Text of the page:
Sunday LeftoversDecember 8, 2013
Prediction of the Day re: Common CoreDecember 11, 2013
In an hour Newark will begin its “National Day of Action to Reclaim Promise of Public Education” when a coterie of teacher union supporters gather to protest Superintendent Cami Anderson’s education reform policies, ongoing state control, and budget cuts. (The district’s total operating budget for 2013-2014 is $866 million, down about $23 million from the previous year.)
Similar protests are scheduled today for cities from New York to San Francisco.
For one point of view here’s Bob Braun, thoroughly old school and unleashed from his post at the Star Ledger:
The Newark schools are about to be reshaped according to the avaricious, right-wing fantasies of a Christie administration that practices contempt for the poor and for minorities as a matter of policy. The “One Newark” program, despite its mainstream media hype as a means of ensuring better opportunity, is on its face a plan for closing, rather than improving, public schools and enhancing charter schools and their private sponsors. This alone should drive thousands to the streets of Newark Monday for the “day of action” designed to “reclaim our public schools.”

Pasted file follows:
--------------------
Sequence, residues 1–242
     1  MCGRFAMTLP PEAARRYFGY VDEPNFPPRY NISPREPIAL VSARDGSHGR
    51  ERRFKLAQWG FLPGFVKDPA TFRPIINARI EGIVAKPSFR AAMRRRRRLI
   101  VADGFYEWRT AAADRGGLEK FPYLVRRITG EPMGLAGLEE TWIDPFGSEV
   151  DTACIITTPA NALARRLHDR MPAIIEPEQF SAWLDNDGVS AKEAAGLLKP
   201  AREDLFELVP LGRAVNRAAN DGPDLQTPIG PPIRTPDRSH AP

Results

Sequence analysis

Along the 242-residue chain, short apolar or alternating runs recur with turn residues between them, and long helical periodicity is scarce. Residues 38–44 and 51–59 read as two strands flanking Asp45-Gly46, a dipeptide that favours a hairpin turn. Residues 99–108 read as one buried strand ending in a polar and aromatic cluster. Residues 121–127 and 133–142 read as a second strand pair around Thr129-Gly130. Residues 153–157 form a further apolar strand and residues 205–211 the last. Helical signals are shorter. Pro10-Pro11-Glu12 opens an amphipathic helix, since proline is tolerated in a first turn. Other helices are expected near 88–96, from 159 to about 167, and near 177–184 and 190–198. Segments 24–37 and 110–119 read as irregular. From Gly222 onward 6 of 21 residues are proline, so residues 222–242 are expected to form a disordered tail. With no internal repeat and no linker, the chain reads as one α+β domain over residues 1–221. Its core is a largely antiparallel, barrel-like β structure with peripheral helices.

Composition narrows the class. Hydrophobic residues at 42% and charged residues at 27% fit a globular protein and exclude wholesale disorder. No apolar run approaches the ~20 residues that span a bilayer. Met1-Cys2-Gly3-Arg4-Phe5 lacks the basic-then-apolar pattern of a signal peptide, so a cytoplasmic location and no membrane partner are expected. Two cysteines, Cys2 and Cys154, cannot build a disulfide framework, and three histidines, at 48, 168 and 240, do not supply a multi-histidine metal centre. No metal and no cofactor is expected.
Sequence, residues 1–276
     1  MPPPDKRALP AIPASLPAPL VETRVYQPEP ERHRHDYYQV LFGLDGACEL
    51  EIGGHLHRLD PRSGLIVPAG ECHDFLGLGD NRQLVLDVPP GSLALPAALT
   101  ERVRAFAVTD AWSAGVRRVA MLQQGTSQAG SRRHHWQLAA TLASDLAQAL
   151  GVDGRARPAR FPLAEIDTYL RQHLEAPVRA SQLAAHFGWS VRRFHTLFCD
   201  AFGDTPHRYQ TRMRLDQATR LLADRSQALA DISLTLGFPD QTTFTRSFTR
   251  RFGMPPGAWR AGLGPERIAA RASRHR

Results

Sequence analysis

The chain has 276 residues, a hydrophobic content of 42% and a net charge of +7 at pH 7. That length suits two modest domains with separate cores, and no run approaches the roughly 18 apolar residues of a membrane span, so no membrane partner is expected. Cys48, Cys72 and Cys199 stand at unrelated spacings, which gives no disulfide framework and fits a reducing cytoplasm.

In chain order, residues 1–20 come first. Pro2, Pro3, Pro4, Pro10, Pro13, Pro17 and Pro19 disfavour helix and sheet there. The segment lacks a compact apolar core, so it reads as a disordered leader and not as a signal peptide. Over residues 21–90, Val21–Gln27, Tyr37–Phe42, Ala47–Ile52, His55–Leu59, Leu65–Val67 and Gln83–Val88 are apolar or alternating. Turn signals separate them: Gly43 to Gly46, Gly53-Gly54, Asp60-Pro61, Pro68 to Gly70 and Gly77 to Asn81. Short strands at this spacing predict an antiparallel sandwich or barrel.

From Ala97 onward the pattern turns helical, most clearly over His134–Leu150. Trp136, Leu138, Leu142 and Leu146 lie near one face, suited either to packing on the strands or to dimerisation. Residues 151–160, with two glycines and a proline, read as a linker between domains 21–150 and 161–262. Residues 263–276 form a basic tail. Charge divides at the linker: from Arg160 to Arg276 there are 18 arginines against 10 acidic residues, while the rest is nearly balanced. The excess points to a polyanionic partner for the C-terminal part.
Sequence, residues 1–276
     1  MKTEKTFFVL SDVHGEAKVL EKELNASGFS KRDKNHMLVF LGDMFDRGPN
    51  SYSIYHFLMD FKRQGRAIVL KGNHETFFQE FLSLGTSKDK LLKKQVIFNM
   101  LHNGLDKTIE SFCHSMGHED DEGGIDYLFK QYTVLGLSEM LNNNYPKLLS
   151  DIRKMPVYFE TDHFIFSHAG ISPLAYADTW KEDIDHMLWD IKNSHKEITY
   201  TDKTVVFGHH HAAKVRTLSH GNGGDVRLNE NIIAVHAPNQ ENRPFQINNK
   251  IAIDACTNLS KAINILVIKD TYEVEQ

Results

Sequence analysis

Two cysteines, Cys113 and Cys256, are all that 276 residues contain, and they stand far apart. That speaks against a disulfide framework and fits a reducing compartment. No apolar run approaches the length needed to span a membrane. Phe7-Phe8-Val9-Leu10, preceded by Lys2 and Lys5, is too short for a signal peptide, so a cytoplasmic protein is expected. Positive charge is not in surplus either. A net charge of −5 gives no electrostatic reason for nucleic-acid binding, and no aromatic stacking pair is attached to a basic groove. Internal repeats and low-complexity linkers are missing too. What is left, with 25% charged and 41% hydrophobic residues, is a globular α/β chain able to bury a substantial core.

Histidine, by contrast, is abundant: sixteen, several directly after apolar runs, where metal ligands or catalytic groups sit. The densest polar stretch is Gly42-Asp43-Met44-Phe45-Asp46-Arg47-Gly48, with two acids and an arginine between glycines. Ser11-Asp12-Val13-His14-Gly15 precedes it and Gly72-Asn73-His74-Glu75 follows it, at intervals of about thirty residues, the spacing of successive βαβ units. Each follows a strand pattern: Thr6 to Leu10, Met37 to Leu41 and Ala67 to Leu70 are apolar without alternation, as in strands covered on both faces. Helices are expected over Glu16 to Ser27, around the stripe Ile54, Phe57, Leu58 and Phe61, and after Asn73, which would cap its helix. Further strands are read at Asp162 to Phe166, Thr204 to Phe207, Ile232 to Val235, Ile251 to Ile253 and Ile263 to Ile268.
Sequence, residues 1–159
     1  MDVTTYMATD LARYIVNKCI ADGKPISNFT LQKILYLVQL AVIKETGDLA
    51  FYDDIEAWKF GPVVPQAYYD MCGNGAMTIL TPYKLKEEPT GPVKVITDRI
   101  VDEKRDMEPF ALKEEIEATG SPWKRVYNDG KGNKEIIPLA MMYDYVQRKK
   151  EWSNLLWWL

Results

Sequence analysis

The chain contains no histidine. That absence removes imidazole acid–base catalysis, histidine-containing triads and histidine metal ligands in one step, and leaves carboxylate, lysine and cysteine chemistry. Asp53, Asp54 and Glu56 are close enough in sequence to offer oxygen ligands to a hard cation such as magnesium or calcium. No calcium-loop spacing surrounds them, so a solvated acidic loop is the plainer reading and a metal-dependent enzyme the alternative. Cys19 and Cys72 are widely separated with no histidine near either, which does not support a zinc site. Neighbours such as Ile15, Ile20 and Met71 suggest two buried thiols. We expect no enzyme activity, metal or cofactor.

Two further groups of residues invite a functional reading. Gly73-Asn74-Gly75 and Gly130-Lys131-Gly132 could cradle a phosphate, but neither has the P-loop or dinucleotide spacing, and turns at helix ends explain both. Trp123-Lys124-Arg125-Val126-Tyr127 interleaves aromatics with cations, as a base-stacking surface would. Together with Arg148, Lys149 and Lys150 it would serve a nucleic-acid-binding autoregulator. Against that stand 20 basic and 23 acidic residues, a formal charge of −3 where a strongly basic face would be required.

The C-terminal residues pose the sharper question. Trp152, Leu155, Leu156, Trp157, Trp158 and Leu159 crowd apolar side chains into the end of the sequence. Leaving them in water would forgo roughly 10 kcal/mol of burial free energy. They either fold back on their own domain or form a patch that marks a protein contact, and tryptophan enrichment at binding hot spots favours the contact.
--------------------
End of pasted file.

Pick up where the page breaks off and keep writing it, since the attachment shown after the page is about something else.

For a little more nuance and relevance, don’t miss Stephanie Simon’s piece in Politico which addresses the challenges facing America’s teacher unions as they deal with a dramatic shift in membership demographics. Here’s a sample, but read the whole thing:
More significant is the demographic shift. Waves of Baby Boomer teachers have retired in recent years and been replaced by hundreds of thousands of rookies. Half of all teachers in classrooms today have been on the job for 10 or fewer years. And those newcomers have very different views from the veterans and retirees who typically dominate union politics.
More than 70 percent of teachers on the job less than a decade are interested in changing the traditional salary scale, which rewards educators for longevity rather than performance. Just 41 percent of more veteran teachers back such reforms, according to a national survey last year by the organization Teach Plus. The poll documented similar gulfs in opinion about revamping teacher evaluations and pensions.